Manon's Econ Blog

Rice in Thailand

Posted on: October 20, 2009

Thai-rice-farmers-Guardian

 

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The price of exported jasmine rice is very volatile. To regulate the price, the government set subsidies: the price cannot exceed a top price and cannot go lower than a bottom price. But these prices (also called mortgage) have been set too high, and therefore no matter what the price was, there was always a surplus, as shown on the diagram below.

Rice mortage in Thailand

Small suppliers had many trouble finding storage for all the rice that was in surplus. The goverment had by consequent to spend money to store it (that is the point of subsidies) but the surplus was so big that too much money was spend, and the small suppliers were left with too much surplus. Since the government seemed enable to solve the problem, some suppliers decide to make a step forward and to increase expectations of the consumers (they created “a strategy of marketing Thai rice for its quality and variety.”) As a result of consequence, the demand curve shifted to the right, as shown on the diagram below.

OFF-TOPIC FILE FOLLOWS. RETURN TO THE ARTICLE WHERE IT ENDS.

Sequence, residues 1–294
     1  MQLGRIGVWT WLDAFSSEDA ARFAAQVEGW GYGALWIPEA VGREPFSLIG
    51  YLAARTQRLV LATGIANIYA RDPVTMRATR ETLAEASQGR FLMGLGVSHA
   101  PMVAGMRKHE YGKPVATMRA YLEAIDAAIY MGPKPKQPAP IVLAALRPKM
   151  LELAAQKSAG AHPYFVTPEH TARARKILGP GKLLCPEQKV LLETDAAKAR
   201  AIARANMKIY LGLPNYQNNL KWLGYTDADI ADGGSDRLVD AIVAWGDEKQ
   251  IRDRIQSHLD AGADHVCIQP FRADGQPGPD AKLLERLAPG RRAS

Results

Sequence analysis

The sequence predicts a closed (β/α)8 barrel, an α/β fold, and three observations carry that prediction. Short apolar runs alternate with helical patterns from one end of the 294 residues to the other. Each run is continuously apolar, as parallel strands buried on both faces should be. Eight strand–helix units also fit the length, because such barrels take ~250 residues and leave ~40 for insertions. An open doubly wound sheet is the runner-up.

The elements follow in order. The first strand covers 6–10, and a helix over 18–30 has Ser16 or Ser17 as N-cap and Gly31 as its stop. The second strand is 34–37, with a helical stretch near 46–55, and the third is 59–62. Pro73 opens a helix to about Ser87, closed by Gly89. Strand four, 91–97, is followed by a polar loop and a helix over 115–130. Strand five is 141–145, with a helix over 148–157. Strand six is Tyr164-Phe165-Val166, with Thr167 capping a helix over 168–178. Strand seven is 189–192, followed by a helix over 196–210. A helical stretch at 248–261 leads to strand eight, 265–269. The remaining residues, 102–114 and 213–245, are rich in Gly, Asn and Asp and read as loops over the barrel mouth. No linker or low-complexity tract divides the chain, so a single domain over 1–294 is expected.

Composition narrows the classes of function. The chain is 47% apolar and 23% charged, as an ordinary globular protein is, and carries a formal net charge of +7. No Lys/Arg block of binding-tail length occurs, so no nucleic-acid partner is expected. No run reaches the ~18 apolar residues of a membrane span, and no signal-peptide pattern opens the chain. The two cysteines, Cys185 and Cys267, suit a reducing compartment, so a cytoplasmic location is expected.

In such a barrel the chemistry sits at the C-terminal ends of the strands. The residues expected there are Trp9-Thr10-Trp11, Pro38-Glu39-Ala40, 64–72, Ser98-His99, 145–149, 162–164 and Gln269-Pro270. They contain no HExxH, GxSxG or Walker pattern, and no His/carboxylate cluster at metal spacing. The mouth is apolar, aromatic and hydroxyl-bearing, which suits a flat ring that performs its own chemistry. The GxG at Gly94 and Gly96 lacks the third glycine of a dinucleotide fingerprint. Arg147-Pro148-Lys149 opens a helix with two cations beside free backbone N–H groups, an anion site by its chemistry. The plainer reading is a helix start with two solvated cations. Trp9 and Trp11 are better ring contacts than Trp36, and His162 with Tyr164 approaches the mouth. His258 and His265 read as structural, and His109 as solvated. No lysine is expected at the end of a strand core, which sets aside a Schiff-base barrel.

Increase in demand for thai rice

Now, the Equilibrium (E2) is in between the top and the bottom price, which means all the supply can be sold. When the price goes down (below the equilibrium ), so when there is a shortage, suppliers can sell the old surplus that was stored. With this increase in demand, the government has to spend less money (less to store, and surplus can be sold later) and small suppliers can get richer.

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1 Response to "Rice in Thailand"

Well done on the diagrams, they help you explain your ideas.

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